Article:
Author Archives: Lawrence Graver

Lawrence Graver

About Lawrence Graver

Lawrence Graver is Professor Emeritus at Williams College, and author of An Obsession with Anne Frank, and other books.

One Voice Speaks for Six Million

Reprinted with permission from The Yale Holocaust Encyclopedia (

Yale University Press


By the late 1950’s, Anne Frank had become a legend: known around the world not only as the author of a vivid, life-affirming book, but also as the prime symbol of the sufferings of innocent victims of Nazi genocide. “One voice speaks for six million,” the Russian writer Ilya Ehrenburg wrote, “the voice not of a sage or a poet but of an ordinary little girl.” 

In Her Honor

Streets, schools, youth villages and forests were soon named in her honor; paintings and statues perpetuated her image; poems and songs were composed in her memory; and–as Alvin Rosenfeld has observed–“public figures of every kind, from politicians to religious leaders, regularly invoke[d] her name and quote[d] lines from her book. In all of these ways, her name, face, and fate [were] kept constantly before us.”Anne Frank stamp

In 1957, Otto Frank had further memorialized his daughter by helping to establish the Anne Frank Stichting in Amsterdam, a foundation whose original aim was “to repair and renovate the property at 263 Prinsengracht and especially to maintain the building’s back annex, as well as to propagate ideals left to the world in the diary of Anne Frank.” In May 1960, the Anne Frank House opened as a museum, and the foundation supported youth conferences, lectures and exhibitions designed to combat anti-Semitism and racism. Activities soon expanded. A specialized library brought together a collection of books, newspapers and magazines about discrimination and threats to the rights of minorities; and the educational department developed programs, courses, and teaching aids to be used in schools and other settings.

In 1985 the traveling exhibition “Anne Frank in the World: 1929-1945” was organized by the Foundation and has since been seen (and will continue to be seen) in hundreds of cities and towns across Europe, North and South American, and Asia. The number of visitors to the Anne Frank House has grown from about 9,000 in 1960 to more than 600,000 each year in the 1990’s, making it something of a shrine, as well as one of the most popular museums in Europe. Anne Frank Centers were also established in New York and other cities, and at this writing one is planned for Berlin. In Basel, the ANNE FRANK-Fonds oversees matters related to copyrights andn reprint permissions, and also supports educational and philanthropic projects. (See Anne Frank House: A Museum with a Story. Amsterdam, 1992.)

Anne Frank

Reprinted with permission from The Yale Holocaust Encyclopedia (Yale University Press).

Anne Frank (1929-1945) was a German-Dutch Jewish girl whose diary of life in hiding from the Nazis in Amsterdam is the best-known personal document associated with the Holocaust and one of the most widely read books of modern times.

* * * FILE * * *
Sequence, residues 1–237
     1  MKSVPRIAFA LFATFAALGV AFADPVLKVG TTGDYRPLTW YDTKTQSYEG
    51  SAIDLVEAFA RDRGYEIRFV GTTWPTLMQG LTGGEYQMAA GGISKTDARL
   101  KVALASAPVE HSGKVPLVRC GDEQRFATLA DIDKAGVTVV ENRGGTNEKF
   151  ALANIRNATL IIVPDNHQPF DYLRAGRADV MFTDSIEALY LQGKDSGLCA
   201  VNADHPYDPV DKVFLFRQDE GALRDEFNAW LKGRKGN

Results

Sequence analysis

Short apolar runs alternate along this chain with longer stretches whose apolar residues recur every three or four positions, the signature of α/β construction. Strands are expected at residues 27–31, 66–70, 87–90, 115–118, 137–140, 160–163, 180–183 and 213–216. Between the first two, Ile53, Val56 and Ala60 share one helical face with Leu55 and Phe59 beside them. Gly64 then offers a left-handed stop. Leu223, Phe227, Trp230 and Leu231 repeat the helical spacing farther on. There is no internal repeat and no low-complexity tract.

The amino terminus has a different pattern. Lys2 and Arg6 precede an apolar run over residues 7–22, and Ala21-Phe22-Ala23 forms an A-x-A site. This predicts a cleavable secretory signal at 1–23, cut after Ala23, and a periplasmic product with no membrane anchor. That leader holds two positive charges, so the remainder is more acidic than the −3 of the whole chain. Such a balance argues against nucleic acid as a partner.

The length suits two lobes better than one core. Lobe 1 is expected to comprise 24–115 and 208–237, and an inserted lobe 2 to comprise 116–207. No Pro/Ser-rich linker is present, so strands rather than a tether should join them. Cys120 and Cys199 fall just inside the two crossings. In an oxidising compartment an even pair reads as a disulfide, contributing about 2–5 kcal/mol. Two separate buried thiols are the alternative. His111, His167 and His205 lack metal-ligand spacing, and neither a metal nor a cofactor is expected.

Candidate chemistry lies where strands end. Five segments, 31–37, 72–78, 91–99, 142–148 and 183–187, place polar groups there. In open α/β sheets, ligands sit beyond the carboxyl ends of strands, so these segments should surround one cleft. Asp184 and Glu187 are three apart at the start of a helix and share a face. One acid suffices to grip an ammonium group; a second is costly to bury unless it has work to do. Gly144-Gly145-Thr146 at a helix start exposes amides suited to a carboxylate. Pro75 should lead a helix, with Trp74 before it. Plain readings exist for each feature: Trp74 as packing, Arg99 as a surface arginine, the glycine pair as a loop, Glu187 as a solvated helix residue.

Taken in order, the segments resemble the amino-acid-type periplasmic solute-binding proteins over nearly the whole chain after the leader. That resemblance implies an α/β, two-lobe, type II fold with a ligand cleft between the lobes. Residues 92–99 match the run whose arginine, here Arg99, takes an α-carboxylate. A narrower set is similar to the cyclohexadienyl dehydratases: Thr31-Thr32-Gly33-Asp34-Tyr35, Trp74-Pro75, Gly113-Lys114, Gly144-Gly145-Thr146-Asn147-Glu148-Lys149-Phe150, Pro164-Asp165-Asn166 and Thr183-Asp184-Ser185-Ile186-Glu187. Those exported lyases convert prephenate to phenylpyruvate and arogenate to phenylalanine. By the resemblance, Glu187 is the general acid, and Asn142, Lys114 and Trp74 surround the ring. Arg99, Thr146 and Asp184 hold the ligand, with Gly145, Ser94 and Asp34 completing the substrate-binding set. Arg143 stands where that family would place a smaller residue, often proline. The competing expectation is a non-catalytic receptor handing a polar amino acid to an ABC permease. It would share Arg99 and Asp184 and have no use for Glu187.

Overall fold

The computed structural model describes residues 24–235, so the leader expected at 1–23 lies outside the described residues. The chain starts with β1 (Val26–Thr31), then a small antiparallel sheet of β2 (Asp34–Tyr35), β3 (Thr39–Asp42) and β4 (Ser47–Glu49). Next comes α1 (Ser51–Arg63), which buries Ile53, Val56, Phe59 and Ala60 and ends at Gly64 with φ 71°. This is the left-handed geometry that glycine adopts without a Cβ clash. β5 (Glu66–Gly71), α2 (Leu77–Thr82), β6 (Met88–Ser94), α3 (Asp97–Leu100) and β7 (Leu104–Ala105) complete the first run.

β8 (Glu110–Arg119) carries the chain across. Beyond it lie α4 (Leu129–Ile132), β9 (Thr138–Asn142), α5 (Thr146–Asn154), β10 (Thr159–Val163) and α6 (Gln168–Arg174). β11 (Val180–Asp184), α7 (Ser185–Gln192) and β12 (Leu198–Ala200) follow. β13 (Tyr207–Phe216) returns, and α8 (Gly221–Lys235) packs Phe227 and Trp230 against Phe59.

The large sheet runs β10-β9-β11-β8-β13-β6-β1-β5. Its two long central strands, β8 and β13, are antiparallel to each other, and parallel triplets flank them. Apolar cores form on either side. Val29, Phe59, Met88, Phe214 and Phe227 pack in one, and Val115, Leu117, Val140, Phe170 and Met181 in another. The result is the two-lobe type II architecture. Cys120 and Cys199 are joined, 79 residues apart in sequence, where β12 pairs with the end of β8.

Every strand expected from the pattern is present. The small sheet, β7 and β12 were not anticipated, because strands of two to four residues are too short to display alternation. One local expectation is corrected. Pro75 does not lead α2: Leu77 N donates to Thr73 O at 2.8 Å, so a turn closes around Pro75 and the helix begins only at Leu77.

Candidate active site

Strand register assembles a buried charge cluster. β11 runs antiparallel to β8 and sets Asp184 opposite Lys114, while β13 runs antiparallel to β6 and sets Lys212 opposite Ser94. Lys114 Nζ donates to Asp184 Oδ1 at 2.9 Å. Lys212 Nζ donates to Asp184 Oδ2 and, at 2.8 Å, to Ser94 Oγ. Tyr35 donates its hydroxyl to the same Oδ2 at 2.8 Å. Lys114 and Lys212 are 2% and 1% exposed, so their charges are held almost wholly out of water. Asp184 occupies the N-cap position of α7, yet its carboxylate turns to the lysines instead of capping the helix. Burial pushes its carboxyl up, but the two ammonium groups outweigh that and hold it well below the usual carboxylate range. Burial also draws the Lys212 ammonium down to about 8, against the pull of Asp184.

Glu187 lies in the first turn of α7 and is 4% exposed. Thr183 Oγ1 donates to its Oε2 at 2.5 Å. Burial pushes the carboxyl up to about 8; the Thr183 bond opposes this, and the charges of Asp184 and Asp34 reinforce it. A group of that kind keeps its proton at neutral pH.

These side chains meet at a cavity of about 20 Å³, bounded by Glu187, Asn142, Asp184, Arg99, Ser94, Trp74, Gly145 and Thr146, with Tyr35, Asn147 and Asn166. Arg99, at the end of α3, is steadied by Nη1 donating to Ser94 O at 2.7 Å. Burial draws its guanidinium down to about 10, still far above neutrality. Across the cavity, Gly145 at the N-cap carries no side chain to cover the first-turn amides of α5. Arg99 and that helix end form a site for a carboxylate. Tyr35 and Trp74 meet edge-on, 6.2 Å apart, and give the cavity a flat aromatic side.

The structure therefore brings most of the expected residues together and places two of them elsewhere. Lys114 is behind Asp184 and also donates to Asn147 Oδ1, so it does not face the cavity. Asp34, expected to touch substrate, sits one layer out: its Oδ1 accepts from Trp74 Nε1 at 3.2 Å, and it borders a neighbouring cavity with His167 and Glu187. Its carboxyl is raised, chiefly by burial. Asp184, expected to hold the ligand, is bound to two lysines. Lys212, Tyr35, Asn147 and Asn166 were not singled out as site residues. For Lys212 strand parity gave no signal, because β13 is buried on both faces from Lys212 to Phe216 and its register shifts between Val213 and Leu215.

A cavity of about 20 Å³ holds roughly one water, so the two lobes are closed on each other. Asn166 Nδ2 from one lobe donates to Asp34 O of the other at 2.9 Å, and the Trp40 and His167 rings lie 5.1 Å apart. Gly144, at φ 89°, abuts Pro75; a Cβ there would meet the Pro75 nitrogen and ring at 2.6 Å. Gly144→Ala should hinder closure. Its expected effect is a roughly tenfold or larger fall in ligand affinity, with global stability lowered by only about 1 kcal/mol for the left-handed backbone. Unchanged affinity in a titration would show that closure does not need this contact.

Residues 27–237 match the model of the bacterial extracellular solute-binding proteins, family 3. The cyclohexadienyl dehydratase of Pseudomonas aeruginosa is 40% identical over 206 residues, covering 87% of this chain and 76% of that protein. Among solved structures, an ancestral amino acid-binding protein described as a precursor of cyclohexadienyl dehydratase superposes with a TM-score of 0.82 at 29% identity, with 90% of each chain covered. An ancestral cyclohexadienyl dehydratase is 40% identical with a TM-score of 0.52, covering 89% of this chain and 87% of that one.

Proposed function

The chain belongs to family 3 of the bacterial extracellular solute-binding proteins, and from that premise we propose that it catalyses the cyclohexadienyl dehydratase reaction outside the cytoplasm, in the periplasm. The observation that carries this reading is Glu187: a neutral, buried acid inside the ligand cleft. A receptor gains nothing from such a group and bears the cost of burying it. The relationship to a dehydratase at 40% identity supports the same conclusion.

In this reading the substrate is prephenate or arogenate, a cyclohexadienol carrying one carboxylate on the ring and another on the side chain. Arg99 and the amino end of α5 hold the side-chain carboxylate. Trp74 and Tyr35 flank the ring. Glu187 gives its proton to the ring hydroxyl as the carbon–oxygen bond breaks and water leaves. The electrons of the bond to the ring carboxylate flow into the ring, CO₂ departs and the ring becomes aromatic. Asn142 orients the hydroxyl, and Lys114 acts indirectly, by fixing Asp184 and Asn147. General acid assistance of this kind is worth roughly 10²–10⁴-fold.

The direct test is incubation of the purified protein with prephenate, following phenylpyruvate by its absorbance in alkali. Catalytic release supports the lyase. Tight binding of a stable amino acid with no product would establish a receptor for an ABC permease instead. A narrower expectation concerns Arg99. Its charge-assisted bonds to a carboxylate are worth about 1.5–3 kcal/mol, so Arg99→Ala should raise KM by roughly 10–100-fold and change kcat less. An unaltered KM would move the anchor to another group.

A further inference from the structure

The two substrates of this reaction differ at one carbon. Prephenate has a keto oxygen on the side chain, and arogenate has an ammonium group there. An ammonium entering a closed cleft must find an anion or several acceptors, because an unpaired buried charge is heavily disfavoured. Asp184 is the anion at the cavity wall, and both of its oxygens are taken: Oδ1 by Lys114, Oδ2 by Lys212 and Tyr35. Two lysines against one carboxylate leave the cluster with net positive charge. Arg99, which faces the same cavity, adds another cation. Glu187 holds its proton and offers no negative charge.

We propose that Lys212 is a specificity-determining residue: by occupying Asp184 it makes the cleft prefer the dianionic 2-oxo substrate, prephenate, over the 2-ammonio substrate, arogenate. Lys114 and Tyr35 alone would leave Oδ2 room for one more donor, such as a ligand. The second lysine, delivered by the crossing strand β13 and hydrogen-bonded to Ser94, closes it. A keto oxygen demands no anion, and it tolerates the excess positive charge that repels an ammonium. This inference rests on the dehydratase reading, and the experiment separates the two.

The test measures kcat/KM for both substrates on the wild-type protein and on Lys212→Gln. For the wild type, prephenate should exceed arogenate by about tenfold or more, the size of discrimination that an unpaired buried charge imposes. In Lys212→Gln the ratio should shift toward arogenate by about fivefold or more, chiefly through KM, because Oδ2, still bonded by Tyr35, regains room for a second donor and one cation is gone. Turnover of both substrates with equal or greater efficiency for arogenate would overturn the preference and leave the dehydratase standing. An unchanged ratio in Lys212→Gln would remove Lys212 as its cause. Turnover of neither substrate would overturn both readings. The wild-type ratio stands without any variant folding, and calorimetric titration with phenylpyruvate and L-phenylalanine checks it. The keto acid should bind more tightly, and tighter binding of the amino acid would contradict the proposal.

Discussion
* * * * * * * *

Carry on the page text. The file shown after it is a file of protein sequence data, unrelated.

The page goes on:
Born Anneliesse Marie in Frankfurt am Main on 12 June 1929, she was the second daughter of Otto Heinrich (1889-1980), a member of an assimilated, successful Frankfurt banking family that had suffered financial setbacks during the economic crises of the 1920’s, and Edith Frank-Hollander (1890-1944), the daughter of a well-to-do manufacturer in Aachen.

Nazi Rise to Power

After the Nazis came to power in March 1933 and began to persecute the Jews, Otto Frank tried to protect his family and livelihood by moving to Amsterdam (a city he knew well), where he established an independent branch of Opekta Work, a firm that made pectin, a powdered fruit extract in jams and jellies. His wife and children joined him in the winter of 1933-34 and the Franks moved to an apartment on Merwedeplein, a quiet neighborhood in the south of the city.

anne frank holocaustIn the late 1930’s, Anne and her sister Margot lived the conventional lives of upper middle-class Dutch children, attending a local Montessori school and socializing with a wide circle of friends; but after the Germans invaded Holland in May 1940 and began to restrict the economic and social activities of Jews, the girls were compelled to attend a segregated school (the Jewish Lyceum), and their father transferred overt control of Opekta and a subsidiary firm to Gentile co-workers.

He also began to make preparations to go into hiding in a sealed-off set of rooms behind his office and warehouse at 263 Prinsengracht.

In May 1942, Jews in Holland were ordered to wear yellow stars for instant identifications; and on 29 June plans were announced to deport all Jews to labor camps in Germany. On 6 July, the morning after Margot received a call-up notice, the Frank family and three friends (Hermann, Auguste, and Peter van Pels), fearing deportation and worse, moved into what became known as “the secret annex,” or “Het Achterhuis” (the house behind). An acquaintance, the dentist Fritz Pfeffer, subsequently joined them there.